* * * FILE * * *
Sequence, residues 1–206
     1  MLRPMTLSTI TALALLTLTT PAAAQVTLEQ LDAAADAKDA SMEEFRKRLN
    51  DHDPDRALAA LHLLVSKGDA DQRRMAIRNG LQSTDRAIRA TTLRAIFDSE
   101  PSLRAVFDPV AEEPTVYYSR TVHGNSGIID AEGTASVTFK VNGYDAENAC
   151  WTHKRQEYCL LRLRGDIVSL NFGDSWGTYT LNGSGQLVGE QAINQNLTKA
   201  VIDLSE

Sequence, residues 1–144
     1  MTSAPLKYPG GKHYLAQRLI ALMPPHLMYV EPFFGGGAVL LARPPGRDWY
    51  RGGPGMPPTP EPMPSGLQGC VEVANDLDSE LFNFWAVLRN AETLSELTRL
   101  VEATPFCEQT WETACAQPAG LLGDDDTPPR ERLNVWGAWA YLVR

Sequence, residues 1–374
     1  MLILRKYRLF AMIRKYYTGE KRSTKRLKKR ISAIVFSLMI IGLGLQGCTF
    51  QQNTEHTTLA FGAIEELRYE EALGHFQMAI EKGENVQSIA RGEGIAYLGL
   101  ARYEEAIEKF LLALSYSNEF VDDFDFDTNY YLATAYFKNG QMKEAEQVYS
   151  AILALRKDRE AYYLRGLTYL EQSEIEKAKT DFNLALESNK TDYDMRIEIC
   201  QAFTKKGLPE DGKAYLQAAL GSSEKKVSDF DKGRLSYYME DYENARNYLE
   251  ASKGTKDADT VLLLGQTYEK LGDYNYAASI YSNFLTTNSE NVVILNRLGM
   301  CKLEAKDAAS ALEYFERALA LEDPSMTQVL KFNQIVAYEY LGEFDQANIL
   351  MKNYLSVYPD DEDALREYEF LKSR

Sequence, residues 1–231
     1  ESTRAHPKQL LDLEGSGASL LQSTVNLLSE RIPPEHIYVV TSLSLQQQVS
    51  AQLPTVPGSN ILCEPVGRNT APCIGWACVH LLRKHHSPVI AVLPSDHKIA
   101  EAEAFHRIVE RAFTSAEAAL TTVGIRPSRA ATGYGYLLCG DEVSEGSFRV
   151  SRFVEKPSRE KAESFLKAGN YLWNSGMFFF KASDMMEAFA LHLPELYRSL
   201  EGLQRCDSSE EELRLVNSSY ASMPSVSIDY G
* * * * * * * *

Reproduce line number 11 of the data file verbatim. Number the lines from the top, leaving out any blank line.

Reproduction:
Sequence, residues 1–374